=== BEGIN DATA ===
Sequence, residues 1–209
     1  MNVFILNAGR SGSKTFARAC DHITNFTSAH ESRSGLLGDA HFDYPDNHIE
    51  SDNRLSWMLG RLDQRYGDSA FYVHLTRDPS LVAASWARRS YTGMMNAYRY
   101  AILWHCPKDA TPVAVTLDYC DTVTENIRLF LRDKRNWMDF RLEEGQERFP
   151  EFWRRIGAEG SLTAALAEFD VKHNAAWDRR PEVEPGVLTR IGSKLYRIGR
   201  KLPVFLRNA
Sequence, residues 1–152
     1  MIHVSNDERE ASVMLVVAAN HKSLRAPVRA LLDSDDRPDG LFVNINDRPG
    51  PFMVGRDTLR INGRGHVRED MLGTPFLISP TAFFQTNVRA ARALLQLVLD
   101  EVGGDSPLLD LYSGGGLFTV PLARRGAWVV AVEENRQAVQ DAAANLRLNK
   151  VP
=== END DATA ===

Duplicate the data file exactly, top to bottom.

Sequence, residues 1–209
     1  MNVFILNAGR SGSKTFARAC DHITNFTSAH ESRSGLLGDA HFDYPDNHIE
    51  SDNRLSWMLG RLDQRYGDSA FYVHLTRDPS LVAASWARRS YTGMMNAYRY
   101  AILWHCPKDA TPVAVTLDYC DTVTENIRLF LRDKRNWMDF RLEEGQERFP
   151  EFWRRIGAEG SLTAALAEFD VKHNAAWDRR PEVEPGVLTR IGSKLYRIGR
   201  KLPVFLRNA
Sequence, residues 1–152
     1  MIHVSNDERE ASVMLVVAAN HKSLRAPVRA LLDSDDRPDG LFVNINDRPG
    51  PFMVGRDTLR INGRGHVRED MLGTPFLISP TAFFQTNVRA ARALLQLVLD
   101  EVGGDSPLLD LYSGGGLFTV PLARRGAWVV AVEENRQAVQ DAAANLRLNK
   151  VP